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City West: The new face of the old west Berlin

Photo: View of the Berlin City West with the Bikini Berlin
View of the Berlin City West with the Bikini Berlin (c) visumate

The place where we feel at home. When Berliners talk about their ‘hood’, they call it their ‘kiez’. Today, a neighbourhood is a feeling about life: a happening place without hassle. And that’s what Berlin has in trumps – from the Akazien ‘kiez’ in Schöneberg to the Kaskel ‘kiez’ in Lichtenberg. With so many fascinating sights and historical buildings, interesting discoveries are a part of any stroll around the Charlottenburg-Wilmersdorf neighbourhoods.

Berlins ‘Taj Mahal’

A Taj Mahal in Berlin? Yes! Our tour starts at the Ahmadiyya Mosque 3 in Brienner Strasse. Germany’s oldest mosque was designed by architect K.A. Hermann, and dates from the 1920s. The light reflecting off the white minaret, towers and central dome can be seen from far away. The nearby Hohenzollernplatz 4 is home to an impressive brick church, built from 1930 to 1933. Fritz Hoger’s expressionist design created a church with towering walls and high bell tower. Every Saturday at noon, the church hosts a thirty minute ‘Noon‑ Song’, a service of music with a professional choir singing classic hymns and choral works.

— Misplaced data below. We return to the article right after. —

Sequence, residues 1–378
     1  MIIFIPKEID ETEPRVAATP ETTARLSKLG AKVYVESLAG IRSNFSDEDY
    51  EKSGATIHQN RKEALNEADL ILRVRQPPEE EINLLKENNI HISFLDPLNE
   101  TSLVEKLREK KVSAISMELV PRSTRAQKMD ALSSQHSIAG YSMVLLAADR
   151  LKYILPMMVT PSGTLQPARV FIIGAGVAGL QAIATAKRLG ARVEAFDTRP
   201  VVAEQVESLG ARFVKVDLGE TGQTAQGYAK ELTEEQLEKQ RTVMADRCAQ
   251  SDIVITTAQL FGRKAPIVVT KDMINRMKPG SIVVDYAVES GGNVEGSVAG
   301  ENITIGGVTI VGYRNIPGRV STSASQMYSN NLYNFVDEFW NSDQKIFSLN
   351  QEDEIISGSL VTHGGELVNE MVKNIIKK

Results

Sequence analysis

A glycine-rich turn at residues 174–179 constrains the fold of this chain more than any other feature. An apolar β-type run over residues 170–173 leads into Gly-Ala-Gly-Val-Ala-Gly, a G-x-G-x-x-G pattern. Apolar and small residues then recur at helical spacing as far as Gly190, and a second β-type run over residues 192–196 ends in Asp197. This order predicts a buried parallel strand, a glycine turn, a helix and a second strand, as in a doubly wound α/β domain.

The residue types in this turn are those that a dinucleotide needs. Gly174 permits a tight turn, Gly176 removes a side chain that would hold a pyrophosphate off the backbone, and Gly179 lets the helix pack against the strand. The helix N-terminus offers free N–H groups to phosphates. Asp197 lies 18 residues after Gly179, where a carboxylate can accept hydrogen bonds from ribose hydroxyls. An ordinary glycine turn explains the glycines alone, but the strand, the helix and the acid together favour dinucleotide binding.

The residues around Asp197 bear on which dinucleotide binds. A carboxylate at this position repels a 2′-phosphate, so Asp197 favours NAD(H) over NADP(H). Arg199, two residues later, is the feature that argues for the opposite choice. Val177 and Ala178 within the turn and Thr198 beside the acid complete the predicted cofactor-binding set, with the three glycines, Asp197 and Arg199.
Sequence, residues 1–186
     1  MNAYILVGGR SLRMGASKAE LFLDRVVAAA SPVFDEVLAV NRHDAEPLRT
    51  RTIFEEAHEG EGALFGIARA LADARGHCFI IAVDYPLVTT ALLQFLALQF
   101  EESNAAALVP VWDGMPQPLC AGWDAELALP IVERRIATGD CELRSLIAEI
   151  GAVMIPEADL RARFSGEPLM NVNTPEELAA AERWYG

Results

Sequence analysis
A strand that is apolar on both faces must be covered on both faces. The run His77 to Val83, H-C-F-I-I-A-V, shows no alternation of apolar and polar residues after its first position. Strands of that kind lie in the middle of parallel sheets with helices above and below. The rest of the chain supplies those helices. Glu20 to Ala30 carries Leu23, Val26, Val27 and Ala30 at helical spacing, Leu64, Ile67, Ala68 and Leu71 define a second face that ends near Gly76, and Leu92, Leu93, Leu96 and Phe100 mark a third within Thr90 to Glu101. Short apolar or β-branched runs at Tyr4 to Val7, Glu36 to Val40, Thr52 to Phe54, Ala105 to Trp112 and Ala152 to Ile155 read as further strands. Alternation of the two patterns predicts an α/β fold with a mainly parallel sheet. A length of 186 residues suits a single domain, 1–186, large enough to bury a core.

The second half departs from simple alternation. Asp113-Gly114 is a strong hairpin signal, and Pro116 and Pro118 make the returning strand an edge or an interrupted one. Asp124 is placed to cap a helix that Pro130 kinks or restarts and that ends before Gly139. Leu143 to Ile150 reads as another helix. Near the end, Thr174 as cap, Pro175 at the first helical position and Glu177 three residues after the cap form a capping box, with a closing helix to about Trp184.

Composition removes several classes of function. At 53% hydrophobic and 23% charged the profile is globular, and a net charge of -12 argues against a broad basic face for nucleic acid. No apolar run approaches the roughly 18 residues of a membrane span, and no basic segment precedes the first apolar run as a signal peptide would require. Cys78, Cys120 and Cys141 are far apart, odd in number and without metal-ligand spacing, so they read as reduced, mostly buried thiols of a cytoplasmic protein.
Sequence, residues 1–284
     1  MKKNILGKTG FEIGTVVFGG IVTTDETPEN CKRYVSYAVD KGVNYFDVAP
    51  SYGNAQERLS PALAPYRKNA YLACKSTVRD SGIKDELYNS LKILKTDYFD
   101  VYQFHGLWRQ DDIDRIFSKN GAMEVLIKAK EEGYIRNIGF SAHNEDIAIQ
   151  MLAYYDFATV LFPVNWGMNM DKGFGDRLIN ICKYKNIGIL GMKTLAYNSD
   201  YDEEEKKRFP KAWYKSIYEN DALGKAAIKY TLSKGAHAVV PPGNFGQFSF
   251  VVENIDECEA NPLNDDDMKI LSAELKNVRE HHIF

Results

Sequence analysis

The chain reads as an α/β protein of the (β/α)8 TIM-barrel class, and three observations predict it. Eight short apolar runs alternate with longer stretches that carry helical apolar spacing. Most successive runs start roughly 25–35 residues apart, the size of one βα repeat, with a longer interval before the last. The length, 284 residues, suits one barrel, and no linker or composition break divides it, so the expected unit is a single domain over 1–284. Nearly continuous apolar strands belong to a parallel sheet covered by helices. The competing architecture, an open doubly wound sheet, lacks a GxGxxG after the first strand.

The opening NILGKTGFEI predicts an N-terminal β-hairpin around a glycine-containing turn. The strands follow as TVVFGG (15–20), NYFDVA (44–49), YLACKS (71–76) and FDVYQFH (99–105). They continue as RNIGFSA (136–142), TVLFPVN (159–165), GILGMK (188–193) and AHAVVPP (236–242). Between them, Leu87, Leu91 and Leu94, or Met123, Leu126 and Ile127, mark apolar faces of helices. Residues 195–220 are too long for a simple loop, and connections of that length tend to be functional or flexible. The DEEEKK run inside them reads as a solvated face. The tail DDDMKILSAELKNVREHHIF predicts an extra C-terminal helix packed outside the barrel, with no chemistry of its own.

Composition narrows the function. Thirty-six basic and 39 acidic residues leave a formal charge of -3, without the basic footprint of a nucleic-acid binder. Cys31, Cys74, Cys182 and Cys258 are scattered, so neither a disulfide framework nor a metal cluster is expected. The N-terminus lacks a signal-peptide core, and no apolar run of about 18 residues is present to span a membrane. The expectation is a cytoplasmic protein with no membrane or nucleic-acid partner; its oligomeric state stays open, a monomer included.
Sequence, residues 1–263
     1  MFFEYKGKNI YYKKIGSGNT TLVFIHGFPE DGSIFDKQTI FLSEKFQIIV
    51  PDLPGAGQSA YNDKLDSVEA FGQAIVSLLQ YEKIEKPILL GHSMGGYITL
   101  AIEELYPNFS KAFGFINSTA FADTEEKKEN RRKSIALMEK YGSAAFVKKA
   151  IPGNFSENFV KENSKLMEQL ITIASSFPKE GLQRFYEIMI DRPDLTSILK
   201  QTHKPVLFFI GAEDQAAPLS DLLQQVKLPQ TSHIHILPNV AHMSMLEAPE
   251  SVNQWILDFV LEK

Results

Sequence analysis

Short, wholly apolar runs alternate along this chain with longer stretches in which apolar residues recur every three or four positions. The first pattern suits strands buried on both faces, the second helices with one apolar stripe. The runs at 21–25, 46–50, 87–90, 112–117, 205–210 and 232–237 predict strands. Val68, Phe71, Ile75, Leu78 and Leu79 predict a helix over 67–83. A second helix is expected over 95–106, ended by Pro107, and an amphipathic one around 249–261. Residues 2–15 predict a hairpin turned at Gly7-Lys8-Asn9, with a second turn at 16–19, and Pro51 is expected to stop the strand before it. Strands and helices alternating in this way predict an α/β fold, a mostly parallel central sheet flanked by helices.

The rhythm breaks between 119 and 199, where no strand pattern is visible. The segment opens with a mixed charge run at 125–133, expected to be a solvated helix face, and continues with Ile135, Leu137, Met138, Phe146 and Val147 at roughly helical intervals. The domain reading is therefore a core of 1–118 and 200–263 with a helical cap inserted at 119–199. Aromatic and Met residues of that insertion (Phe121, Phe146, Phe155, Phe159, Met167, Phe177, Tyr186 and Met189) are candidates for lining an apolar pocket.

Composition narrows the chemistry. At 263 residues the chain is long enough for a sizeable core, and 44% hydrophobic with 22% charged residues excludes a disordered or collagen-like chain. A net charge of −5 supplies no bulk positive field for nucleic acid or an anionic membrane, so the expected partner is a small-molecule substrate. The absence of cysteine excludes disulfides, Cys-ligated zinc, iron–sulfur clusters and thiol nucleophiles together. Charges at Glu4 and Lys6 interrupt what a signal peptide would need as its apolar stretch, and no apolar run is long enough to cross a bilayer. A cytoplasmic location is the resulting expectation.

From Fasanenstrasse to the Verborgene Museum

From here, stroll down the upscale Fasanenstrasse towards Kantstrasse and Savignyplatz square and check out the array of attractive restaurants and bars. The Buchhandlerkeller 5 at Carmerstrasse 1 near the square has been an institution in Berlin’s literary life for over 30 years. If you head down Pestalozzistrasse, parallel to Kantstrasse, you soon come to Suarezstrasse 6 with its wealth of antiques stores and furniture and design outlets. On your way there, why not plan in a break at the Verborgenes Museum 7 at Schluterstrasse 70? The exhibitions explore women’s art, an area often neglected in the art world. Many of the art pioneers on show trained in the male-dominated art colleges of the early 1900s; started to exhibit and then, under the Nazis, were pushed back into private life or driven into exile. It’s also well worth taking a detour to enjoy a stroll down Leonhardtstrasse 8 , a relaxed local shopping street between Stuttgarter Platz and the Amtsgericht square.